Although I experienced a Summer Library Program in my first post-grad school job, this was the first one I completely planned and executed on my own. I did some fun stuff (see slide show below), kept some stuff the same, and made some changes–the most prominent one being moving away from physical incentives to a charitable-giving model. Read more about it in this blog post if you’re interested.

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3. Saying YES to things

Things I’ve said “yes” to this year:

  • Being the Communications Chair for the Friends of the CCBC
  • Presenting at local organization meetings, like Kiwanis and Rotary
  • Pulling a question out of a hat and answering it in front of my peers at a Guerrilla Storytime session (If you haven’t participated in a Guerrilla Storytime yet, I highly recommend it! It’s a great way to pick up new ideas, share your own ideas, and feel supported by fellow children’s librarians)
  • Being interviewed on CWTV about the role libraries play in building Early Literacy and Kindergarten Readiness skills. That’s right, I’m gonna be FAMOUS! Well, local/library-famous at least.😉 I’m so glad my friend Holly of Let the Wild Rumpus Start agreed to do it with me!
  • Being the official “feedback giver” for the local 4H club’s Communication Arts Festival next month
  • Helping start up a Storytime Underground Local Chapter for the Madison, WI area with some library pals–yay, Holly and Mary! If you’re in the area, look for more information about this soon.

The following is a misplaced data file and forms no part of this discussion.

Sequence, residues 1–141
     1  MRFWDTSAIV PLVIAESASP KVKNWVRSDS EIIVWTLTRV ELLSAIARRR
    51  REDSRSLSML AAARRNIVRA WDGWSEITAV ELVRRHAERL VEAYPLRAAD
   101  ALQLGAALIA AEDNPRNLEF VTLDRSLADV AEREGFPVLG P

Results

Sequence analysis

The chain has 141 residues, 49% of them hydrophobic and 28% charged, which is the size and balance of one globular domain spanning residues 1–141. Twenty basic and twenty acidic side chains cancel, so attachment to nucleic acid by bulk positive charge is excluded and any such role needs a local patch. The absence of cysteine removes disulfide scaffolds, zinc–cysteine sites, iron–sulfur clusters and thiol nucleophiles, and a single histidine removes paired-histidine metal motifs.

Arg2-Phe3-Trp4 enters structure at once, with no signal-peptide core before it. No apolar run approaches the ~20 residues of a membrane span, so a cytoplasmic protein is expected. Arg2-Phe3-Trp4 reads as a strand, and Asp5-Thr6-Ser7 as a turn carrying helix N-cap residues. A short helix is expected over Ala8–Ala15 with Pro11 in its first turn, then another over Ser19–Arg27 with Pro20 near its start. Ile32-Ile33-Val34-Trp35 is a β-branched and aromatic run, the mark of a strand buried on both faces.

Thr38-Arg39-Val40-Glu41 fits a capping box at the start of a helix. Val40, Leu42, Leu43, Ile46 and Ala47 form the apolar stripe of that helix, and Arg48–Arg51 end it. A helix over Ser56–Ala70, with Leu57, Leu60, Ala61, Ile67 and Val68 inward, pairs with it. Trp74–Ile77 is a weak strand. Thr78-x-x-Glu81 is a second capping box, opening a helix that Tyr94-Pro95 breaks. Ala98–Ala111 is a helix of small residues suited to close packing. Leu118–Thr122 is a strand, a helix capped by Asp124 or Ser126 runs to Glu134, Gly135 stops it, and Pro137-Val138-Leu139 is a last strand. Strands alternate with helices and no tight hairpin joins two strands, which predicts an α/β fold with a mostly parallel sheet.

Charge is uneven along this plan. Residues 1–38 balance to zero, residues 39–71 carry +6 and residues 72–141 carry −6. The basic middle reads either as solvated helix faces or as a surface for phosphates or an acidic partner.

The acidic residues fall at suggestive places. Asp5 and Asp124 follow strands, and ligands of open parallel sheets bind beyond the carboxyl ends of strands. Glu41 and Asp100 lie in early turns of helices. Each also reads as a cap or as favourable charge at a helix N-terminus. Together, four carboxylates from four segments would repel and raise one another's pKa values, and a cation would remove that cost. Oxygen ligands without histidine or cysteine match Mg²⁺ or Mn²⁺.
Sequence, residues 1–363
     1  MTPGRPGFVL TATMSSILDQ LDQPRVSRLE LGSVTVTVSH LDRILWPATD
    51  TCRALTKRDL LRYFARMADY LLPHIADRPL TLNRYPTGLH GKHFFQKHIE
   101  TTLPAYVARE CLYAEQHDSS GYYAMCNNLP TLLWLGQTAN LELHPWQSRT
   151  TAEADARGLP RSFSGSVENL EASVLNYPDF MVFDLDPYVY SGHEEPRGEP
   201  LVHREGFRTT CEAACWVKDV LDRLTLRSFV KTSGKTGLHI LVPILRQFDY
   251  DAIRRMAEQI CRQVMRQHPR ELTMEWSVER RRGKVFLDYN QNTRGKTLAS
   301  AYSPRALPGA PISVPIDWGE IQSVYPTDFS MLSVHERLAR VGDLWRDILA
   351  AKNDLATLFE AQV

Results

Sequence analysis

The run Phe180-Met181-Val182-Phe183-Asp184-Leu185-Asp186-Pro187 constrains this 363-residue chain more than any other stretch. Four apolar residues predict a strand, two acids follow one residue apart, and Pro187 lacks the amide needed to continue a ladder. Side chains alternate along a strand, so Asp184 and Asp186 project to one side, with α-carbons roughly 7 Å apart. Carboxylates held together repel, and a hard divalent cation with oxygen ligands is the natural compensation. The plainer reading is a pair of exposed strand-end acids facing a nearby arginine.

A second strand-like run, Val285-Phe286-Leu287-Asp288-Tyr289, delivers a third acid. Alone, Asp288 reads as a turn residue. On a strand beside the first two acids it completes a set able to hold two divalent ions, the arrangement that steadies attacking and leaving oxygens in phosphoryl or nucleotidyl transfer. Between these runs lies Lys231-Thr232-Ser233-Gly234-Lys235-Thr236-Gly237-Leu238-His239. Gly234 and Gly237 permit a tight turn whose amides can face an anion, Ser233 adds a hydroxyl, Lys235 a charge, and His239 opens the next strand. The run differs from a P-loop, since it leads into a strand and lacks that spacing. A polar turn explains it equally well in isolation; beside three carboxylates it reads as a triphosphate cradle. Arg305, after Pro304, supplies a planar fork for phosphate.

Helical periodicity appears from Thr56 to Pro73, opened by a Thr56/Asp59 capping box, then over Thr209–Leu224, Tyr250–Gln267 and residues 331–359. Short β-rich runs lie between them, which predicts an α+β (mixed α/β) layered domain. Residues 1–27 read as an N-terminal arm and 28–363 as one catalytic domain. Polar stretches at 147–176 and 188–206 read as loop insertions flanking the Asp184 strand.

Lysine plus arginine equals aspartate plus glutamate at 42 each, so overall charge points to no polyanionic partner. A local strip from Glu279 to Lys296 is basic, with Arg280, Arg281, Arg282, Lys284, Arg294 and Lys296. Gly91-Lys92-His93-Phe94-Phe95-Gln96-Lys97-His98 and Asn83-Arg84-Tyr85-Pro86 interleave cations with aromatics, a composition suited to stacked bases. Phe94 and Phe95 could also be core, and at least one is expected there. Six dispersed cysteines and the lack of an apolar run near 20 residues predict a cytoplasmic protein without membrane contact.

OK, so I’m kind of a yes-man. If asked to do something or presented an opportunity, I rarely say no. But that doesn’t mean I’m super comfortable doing All The Things. It can be overwhelming, uncomfortable, and sometimes just plain scary. This year, I’ve tried to be strategic about what I say yes to, but it’s still something I’m working on. Which brings me to #2…

2. Saying NO to things

This is hard for a yes-man to do, but I’m working on it. I recently had a big win in this area, and it felt so good that I’m considering running around and shouting “NO!” at the top of my lungs like a toddler who just learned the word. Alright, I guess I won’t go quite that far. I guess what I’m getting at is that saying no is good sometimes, even if it’s hard.

1. Bringing Tween Book Club back to life

When I started my current job about a year and a half ago, there was already a pretty well-established Tween Book Club in place with 4 or 5 very loyal attendees (which is pretty darn good for a book club that’s not for adults). It quickly became one of my favorite programs to plan and run. However, when the school year came to an end I realized something horrible: Next year, my Tween Book Club kids were all graduating to 7th grade, which meant they were going to be… TEENS. *gasp!* When September came back around and no one showed up to book club, I was a pretty sad librarian. So I reached out to the middle school librarian and asked if I could arrange to visit the 4th, 5th, and 6th grade classes to promote book club. The next week, I talked up the program to 10 different groups and suddenly there was a waitlist for the next month’s book! The next book club meeting brought six new members to the table, and the month after that? NINE KIDDOS showed up! I successfully saved the beloved Tween Book Club from fizzling out, and for that I feel very happy indeed.20151119_155123.jpg


10 Favorite Non-Library Things

10. Binge-watching Star Wars *for the first time*

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This was me up until like a month ago. It took me several tries, as I kept falling asleep (not because it was boring. It was like the music and sound effects were a strange lullaby to me), but I did it! AndNoIHaveNotWatchedTheNewOneSoDon’tRuinItForMe.

9. Chicago with my love